I loved going to my mother and stepfather’s for Thanksgiving. My mother and I have always had our ups and downs, but on Thanksgiving, all that was put aside. I looked forward to arriving at their place; it would be warm and cozy, filled with mouth-watering smells and festively decorated. There was usually an eclectic bunch present; Mom had always been one to take in the people who were by themselves, at loose ends, on holidays. Over the years, I’d brought my share of friends who had no other place to go, and they were warmly welcomed.

No one cooked like my mother. Her turkeys were always tender and juicy, even the white meat. She’d collect all the drippings and juices, put them in the freezer until all the fat rose to the top, then skim it off. I don’t know how she thickened the gravy, but she didn’t use flour and it was never lumpy or pasty. She always put in plenty of cooked fresh mushrooms, because she knew I loved them. Oh, and her stuffing… I could have made a meal of that alone, mountains of it. I hate yams, and you can have mashed potatoes anytime. Pass on that disgusting Thanksgiving staple, the goopy green bean/mushroom soup casserole with canned fried onions on top. (Not that she ever made that!) But my mom’s stuffing — starchy Nirvana.

She and my stepdad and their friends were partial to a lemon cheesecake from Baker’s Square pies for dessert. However, I thought cheesecake after all that rich food was utterly gross, and besides, you have to have pumpkin pie at Thanksgiving. So I always brought one.

Even cleanup was fun, as we’d crowd into the kitchen, wrapping leftovers, washing dishes, laughing, sated and giddy with carb/tryptophan overload. I figured since I didn’t do the cooking, the least I could do was help with the mess afterward and I enjoyed doing so. I’d spend the next couple of nights there. After John came into my life, I’d come home Saturday morning and spend the rest of the weekend with him. He’d be with his own family on Thanksgiving; we’d mutually agreed that he’d see his, I’d see mine, and we’d get together afterwards.

It was a lovely place to be. I felt like a kid again, or at least how a kid should feel… comfortable, loved, well fed and cared for. Safe.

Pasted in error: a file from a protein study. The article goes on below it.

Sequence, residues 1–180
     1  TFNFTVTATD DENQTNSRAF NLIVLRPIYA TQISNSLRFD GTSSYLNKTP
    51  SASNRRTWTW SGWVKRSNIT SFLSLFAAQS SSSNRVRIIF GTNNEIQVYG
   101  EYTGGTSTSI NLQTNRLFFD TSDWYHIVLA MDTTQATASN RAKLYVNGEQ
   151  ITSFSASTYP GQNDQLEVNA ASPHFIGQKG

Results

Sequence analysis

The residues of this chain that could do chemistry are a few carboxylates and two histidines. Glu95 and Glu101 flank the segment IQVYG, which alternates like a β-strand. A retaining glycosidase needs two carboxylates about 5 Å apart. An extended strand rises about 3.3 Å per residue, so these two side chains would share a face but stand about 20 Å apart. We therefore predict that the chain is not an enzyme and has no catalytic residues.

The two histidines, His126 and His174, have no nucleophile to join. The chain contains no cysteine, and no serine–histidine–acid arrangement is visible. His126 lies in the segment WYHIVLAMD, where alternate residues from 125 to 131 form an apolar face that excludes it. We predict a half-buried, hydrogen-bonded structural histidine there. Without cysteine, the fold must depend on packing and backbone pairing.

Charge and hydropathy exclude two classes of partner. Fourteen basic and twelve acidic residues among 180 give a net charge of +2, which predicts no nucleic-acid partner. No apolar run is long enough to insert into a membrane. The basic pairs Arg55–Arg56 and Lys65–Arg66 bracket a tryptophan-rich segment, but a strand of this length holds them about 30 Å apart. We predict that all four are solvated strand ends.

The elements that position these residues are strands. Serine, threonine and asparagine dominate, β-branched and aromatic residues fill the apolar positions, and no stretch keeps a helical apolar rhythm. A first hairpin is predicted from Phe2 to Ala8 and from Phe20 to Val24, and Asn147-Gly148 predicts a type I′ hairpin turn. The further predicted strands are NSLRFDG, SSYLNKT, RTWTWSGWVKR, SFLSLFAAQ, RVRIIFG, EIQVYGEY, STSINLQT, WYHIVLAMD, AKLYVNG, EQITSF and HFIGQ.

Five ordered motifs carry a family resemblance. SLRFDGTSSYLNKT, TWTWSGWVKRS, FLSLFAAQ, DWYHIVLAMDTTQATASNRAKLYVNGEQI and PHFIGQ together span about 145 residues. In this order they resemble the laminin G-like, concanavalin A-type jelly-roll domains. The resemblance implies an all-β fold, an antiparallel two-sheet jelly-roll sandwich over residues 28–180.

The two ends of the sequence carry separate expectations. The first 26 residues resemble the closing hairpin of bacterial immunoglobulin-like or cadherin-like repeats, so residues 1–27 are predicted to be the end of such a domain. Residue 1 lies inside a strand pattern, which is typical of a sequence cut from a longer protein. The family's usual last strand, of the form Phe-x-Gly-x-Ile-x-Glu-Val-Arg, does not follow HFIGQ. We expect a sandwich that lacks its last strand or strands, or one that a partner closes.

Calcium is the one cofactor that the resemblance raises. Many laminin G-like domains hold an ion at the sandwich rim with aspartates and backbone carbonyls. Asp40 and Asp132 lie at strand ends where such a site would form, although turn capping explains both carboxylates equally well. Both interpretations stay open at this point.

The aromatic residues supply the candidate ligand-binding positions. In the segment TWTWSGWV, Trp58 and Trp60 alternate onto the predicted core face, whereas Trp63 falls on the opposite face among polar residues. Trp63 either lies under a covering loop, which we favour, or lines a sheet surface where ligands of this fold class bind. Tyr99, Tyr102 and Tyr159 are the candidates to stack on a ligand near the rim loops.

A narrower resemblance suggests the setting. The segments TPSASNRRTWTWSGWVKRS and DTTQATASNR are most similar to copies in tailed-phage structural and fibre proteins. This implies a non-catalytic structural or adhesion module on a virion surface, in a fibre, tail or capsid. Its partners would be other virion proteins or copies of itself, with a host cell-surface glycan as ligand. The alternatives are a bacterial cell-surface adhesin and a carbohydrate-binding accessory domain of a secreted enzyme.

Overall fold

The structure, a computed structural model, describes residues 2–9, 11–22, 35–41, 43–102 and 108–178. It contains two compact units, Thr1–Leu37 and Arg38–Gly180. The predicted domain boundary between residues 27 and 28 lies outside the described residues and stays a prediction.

Then my mother began her slow descent into dementia, and everything changed.

Thanksgiving went from warm and pleasant to not-so-pleasant, then uncomfortable, then spectacularly awful. There were tears and fights and ruined food. And finally, it was over. My mother went into an assisted-care facility, and that was the end of Thanksgiving as we knew it.

For the past two years, I have refused to acknowledge Thanksgiving. I have treated it like just another Thursday, staying home and watching DVDs, reading, whatever I felt like doing. John continued to do his own thing with whichever family member was in town; I was always welcome and I knew that, but I didn’t want to go and begged off. He understood and didn’t pressure me, although I know he was disappointed. I couldn’t help it. It was too damn depressing for me and I preferred to withdraw and ignore the whole thing.

This year is different. This year, for better or worse, I think I’m ready to rejoin the living.

We are invited to John’s sister’s house later this afternoon; most of his family will be there. I have many mixed feelings about going, but above everything else, I want to be with John. I know he wants me there and I want to be there for him. It’s one meal, it’s a few hours. I could have lost him in recent weeks. On this day, I want to be with the person in my life for whom I’m the most thankful.

And hey, there are bright sides. John has two sisters: one prepares food that is tasty and reasonably healthy; the other one’s cooking makes me feel like all the blood in my body has been replaced by butterfat. Fortunately, the former is doing the cooking today, not the latter. 🙂

All right — time to do some laundry, get some other things done and then prepare to head out. I hope you all have a wonderful holiday, whatever you’re doing. I wish you peace, happiness and a thankful heart this day.